Nathan Steelwater writes extensively on the industrial military complex and world events when he isn’t preparing for the next triathlon.
Latest posts by Nathan Steelwater (see all)
- U.S. Senate Briefing Set on North Korea - April 26, 2017
- Marines United Scandal Deepens, Russia Criminal Market Involved - April 12, 2017
- Update On Trump’s Meeting With Chinese President Xi Jinping - April 11, 2017
China is close to finishing a series of surface-to-air missile installations on artificial islands in the South China Sea. According to a recent Reuters article, China claims almost all the waters of the South China Sea, claims which Brunei, Taiwan, Malaysia, the Philippines, and Vietnam dispute. The recent installations, according to US officials, resemble those housing surface-to-air missiles previously built by China.
The United States has no claims to the South China Sea, although a carrier group consistently conducts patrols in the region. Given the visibility of China’s missile installations, they represent little threat to US military operations in the area (as a visible missile site is a vulnerable missile site). The building of these installations mainly stands as a political test of President Trump’s administration.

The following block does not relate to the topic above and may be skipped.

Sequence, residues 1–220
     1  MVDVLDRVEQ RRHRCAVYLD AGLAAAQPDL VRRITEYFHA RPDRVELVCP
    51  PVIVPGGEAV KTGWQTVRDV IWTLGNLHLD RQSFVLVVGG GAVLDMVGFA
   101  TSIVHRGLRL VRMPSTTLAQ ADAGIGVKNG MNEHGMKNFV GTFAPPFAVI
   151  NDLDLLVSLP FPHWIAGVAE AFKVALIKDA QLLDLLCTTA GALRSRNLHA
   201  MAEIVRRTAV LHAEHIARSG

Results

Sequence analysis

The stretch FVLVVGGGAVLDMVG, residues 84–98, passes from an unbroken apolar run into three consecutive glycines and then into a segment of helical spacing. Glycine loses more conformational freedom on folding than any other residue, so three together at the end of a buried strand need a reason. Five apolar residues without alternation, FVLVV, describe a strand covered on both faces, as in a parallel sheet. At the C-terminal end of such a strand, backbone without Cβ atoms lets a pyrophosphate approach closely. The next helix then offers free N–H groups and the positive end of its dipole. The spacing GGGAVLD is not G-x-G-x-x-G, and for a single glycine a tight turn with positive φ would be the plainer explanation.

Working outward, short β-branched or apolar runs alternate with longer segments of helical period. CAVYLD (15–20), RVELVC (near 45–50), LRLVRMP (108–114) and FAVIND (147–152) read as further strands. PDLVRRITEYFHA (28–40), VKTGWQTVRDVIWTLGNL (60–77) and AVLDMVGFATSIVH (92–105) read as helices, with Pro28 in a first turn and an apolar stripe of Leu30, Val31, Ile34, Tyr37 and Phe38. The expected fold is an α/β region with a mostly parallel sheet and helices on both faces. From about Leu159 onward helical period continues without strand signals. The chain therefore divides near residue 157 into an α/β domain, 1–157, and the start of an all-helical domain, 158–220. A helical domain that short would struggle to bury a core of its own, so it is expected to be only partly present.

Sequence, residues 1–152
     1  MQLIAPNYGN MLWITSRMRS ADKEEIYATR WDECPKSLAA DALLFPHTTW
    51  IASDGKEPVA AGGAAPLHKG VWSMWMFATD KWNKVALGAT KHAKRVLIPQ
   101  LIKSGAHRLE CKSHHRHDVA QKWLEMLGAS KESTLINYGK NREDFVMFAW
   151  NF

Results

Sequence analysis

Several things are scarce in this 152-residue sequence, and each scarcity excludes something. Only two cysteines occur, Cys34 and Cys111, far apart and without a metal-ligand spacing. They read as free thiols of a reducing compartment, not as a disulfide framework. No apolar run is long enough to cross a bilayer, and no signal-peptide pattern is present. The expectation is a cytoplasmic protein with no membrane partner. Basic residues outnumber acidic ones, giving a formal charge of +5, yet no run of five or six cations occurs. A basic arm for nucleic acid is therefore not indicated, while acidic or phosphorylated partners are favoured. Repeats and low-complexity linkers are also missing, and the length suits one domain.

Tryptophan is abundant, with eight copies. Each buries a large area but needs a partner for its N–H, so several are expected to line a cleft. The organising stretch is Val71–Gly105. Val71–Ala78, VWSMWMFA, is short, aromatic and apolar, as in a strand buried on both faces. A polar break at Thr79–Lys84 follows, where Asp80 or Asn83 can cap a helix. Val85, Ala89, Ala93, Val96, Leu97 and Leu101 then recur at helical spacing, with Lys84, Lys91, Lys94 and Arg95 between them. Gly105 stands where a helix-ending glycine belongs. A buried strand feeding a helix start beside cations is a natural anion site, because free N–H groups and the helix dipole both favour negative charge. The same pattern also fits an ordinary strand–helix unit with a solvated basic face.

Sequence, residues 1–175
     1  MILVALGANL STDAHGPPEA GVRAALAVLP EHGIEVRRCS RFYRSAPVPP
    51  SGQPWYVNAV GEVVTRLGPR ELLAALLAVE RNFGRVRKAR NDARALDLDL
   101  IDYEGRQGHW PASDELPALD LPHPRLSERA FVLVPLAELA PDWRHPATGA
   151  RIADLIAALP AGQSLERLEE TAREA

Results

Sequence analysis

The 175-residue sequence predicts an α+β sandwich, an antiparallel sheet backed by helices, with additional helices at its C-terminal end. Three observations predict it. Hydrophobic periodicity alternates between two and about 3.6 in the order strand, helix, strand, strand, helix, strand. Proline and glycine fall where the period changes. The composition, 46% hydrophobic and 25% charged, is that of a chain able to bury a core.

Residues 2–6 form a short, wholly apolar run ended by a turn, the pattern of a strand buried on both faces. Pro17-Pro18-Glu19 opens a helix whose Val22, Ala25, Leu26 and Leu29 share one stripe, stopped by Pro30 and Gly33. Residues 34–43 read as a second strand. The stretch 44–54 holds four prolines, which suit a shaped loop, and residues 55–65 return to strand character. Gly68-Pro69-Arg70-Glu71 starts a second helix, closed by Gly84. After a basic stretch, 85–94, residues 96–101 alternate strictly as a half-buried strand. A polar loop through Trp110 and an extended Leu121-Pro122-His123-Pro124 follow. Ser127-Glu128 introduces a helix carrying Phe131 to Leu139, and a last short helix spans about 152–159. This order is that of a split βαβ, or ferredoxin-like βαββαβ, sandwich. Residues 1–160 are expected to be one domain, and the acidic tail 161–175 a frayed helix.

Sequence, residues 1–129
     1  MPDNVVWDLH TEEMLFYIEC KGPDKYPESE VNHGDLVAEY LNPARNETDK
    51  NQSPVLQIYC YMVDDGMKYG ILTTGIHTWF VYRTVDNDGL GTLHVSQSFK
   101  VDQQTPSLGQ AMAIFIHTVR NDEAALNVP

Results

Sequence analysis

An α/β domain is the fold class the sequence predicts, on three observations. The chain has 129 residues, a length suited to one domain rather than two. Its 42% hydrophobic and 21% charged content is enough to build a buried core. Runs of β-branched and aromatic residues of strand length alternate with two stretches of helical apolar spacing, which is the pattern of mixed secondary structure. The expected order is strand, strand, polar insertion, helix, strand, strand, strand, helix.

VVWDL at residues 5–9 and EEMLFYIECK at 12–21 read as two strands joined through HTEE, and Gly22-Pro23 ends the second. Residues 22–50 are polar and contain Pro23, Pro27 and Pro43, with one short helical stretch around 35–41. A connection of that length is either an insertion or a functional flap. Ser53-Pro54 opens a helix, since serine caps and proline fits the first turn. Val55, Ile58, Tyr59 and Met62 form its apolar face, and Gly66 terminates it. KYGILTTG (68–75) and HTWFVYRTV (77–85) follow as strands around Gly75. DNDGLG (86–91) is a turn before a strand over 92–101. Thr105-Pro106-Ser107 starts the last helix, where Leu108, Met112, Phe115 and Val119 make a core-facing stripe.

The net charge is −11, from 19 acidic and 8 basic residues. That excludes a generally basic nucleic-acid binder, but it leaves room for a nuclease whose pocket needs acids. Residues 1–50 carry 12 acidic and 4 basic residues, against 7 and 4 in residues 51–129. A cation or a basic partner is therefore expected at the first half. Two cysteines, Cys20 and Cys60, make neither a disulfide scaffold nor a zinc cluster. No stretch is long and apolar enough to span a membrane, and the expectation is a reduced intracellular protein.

The facilities, built over the past several years in the Spratly Islands, have been outfitted with radar equipment allowing them visibility of almost the entire South China Sea, according to Business Insider. Given the missile and radar sites, China will soon ready and able to control the travel and access to the majority of the region, should they so choose.
Strategically, this could prove troublesome not only to neighboring countries, who have all denounced these recent military provocations but also to international shipping and business interests. China could dictate who can fly in or sail through the majority of the South China Sea region, a region that sees over $5 trillion in commerce annually.
How the United States responds will be incredibly important. In January of 2017, Secretary of State Rex Tillerson told the Senate Foreign Relations Committee that China’s missile installations were “akin to Russia’s taking Crimea” from Ukraine (although his language softened in follow-up responses).
If the Trump administration fails to react appropriately to China’s all but annexation of the South China Sea, it could prove to embolden China to establish itself more strategically within the region. With the potential threat of a trade war between the United States and China, do we want a China that is capable of strangling one of the world’s primary shipping lanes? China’s military build-up in the South China Sea is a political test that the Trump administration cannot afford to fail.